Here’s the prayer I offered in our modified, live streamed worship service tonight. (The words are mine. It was inspired from a prayer in the Reform Jewish Prayer book, Mishkan T’filah—A Reform Siddur.)
Let us pray:
O God, we are in uncertain times. And we are adapting our schedules, our practices, our sports, our meetings, our routines, our habits to reach out our hands in love and touch.
All of this adapting has left us tired. And anxious. And in need of community, but unsure where to find it.
And so we reach for you, our God, for in you our safety lies.
As we stop, may we do so with intention, letting our resentment at lost productivity and lost agendas, subside.
May we stand still, and listen. May your voice reach us through bird calls and barking dogs, through wind in the trees and rain on our roofs, through the silence, through it all.
May we stand still and look. At the beauty of your creation, in the dedication of people working for our welfare and health, in the stories of neighbors reaching out to help neighbors. May we have hearts open to see the miracles in the midst of the worries.
For people whose lives and health have been, and will be, endangered by this virus, and by the further consequences on the health care system, hear our prayer.
For people who face uncertain economic future from job disruptions, and other economic worries, hear our prayer.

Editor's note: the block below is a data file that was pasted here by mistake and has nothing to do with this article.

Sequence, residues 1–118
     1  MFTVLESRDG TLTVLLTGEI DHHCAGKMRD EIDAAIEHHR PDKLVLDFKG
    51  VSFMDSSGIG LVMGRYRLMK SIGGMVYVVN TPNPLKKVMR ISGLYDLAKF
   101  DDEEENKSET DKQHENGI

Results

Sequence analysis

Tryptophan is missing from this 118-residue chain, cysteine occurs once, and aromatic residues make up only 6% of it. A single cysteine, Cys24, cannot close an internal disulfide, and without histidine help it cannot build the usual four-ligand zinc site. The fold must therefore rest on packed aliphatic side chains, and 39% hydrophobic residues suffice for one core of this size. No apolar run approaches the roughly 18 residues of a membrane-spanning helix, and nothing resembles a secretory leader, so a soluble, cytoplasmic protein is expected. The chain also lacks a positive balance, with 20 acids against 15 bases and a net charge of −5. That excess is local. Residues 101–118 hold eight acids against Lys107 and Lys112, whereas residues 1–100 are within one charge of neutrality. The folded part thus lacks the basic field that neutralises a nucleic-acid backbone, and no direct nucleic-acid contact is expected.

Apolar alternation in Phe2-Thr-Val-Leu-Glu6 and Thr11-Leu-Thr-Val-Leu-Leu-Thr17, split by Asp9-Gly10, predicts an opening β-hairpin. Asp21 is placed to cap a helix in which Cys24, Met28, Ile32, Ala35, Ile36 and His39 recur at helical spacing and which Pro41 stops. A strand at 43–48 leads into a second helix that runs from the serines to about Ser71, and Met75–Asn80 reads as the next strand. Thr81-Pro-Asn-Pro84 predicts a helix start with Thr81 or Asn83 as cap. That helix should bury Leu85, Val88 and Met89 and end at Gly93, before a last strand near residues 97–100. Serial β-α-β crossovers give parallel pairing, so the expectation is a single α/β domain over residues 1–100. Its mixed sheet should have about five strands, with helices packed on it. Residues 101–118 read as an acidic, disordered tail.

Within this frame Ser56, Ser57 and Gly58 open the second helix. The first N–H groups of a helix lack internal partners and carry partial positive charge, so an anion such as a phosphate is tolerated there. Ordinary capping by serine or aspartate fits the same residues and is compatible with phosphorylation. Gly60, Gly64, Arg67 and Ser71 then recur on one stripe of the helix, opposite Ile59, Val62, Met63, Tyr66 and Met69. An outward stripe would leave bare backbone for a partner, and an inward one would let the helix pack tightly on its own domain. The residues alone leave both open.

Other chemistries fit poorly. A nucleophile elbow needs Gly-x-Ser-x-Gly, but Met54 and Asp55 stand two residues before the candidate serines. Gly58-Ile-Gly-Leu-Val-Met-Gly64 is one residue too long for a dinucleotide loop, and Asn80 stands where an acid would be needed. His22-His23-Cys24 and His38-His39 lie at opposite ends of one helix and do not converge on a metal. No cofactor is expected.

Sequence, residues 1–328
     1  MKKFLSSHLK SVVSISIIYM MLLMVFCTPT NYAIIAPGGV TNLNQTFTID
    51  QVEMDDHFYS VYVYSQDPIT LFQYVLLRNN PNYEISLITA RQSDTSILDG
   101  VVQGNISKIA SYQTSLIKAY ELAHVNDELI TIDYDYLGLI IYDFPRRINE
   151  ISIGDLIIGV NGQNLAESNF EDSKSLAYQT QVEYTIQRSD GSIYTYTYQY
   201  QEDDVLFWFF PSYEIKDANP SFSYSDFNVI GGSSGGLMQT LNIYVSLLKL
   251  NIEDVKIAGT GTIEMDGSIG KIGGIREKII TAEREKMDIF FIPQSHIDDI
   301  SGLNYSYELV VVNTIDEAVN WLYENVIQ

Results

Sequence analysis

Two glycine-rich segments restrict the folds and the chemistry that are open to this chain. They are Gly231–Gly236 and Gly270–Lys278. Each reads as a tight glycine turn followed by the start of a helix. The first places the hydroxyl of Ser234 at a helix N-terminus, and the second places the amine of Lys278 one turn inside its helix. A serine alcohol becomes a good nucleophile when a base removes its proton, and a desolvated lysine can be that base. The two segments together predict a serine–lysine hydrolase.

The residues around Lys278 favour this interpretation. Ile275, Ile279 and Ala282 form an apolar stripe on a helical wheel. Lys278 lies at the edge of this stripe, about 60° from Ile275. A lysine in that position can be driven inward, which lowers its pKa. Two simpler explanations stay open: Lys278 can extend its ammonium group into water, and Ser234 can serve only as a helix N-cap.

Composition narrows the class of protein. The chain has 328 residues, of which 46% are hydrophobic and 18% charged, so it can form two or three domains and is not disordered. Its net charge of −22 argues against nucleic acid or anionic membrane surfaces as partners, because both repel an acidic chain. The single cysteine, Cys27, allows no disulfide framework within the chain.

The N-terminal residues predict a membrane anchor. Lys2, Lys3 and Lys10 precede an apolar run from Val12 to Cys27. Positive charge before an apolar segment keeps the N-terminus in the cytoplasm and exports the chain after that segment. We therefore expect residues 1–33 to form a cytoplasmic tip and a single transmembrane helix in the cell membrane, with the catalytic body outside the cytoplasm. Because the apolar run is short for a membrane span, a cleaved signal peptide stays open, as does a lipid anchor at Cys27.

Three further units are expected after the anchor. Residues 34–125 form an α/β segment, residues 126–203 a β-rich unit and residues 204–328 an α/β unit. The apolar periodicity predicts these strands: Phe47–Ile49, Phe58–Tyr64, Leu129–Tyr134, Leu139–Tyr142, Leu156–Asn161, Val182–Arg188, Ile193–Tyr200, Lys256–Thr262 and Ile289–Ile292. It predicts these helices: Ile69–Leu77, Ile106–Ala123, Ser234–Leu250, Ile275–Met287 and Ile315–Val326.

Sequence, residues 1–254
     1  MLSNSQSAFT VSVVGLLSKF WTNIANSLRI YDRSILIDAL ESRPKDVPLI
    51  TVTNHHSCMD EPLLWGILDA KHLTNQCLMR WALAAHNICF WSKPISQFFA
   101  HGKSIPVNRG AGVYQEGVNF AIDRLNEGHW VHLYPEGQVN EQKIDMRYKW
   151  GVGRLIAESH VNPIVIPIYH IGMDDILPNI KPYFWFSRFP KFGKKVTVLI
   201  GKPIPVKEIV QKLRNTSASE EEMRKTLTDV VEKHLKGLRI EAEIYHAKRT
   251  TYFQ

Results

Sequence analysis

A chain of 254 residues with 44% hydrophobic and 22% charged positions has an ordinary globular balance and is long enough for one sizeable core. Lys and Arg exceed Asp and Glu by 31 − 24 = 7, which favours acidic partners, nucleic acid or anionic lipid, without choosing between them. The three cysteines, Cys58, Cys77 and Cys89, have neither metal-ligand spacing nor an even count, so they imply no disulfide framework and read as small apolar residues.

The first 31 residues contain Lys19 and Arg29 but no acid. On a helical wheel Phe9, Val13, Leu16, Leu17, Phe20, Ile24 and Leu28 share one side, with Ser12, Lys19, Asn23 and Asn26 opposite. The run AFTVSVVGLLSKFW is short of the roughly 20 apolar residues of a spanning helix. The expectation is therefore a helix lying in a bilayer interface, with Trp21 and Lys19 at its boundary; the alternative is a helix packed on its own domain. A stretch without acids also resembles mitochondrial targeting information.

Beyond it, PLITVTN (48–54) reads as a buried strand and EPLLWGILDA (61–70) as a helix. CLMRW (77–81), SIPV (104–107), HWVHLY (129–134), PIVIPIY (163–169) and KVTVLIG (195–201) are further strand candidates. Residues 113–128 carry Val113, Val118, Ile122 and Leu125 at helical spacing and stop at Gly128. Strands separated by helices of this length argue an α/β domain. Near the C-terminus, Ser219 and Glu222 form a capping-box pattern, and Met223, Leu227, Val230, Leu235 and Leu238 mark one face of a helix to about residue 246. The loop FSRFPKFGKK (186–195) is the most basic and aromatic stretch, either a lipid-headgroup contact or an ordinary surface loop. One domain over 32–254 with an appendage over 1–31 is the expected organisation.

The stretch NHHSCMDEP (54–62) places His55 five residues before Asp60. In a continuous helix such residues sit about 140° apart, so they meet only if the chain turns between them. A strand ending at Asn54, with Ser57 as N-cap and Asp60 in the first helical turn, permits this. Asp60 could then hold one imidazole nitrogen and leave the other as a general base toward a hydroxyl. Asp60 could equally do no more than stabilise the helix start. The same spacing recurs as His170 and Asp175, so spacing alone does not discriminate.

For people who have lost their daily meals with school and community center closures, may we reach out in helpful ways to feed our neighbors. Lord, hear our prayer.
For people for whom this social distancing makes their lives ever more lonely and isolated, may we be creative in how we extend community in times like this. Lord, hear our prayer.
Lead us into your sabbath rest. May we use this quiet space to test the balance of our days, the weight of our own deeds against the heaviness of the world’s demands. When the balance feels precarious, steady us with faith. (quote from the Jewish prayer book)
Renew our courage, fit us for the days to come with confidence in your goodness. May we trust each person is trying their best, and may we respond with grace to short tempers and frayed nerves.
May we find strength in silence, and with this strength, may we turn again to your service.